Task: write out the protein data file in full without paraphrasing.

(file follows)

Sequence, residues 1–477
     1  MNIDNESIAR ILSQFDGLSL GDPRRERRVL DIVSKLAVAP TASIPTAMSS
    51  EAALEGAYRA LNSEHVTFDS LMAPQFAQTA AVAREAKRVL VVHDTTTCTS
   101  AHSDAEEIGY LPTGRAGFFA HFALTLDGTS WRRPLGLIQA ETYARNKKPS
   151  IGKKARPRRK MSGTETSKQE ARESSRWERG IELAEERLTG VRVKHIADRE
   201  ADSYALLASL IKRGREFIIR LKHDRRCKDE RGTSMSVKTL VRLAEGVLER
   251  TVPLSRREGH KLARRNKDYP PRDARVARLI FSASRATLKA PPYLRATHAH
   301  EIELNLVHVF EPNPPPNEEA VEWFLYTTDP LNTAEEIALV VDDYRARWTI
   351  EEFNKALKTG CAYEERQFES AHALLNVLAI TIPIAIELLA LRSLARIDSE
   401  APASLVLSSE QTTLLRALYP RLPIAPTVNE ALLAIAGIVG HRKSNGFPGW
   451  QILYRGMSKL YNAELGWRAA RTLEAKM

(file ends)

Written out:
Sequence, residues 1–477
     1  MNIDNESIAR ILSQFDGLSL GDPRRERRVL DIVSKLAVAP TASIPTAMSS
    51  EAALEGAYRA LNSEHVTFDS LMAPQFAQTA AVAREAKRVL VVHDTTTCTS
   101  AHSDAEEIGY LPTGRAGFFA HFALTLDGTS WRRPLGLIQA ETYARNKKPS
   151  IGKKARPRRK MSGTETSKQE ARESSRWERG IELAEERLTG VRVKHIADRE
   201  ADSYALLASL IKRGREFIIR LKHDRRCKDE RGTSMSVKTL VRLAEGVLER
   251  TVPLSRREGH KLARRNKDYP PRDARVARLI FSASRATLKA PPYLRATHAH
   301  EIELNLVHVF EPNPPPNEEA VEWFLYTTDP LNTAEEIALV VDDYRARWTI
   351  EEFNKALKTG CAYEERQFES AHALLNVLAI TIPIAIELLA LRSLARIDSE
   401  APASLVLSSE QTTLLRALYP RLPIAPTVNE ALLAIAGIVG HRKSNGFPGW
   451  QILYRGMSKL YNAELGWRAA RTLEAKM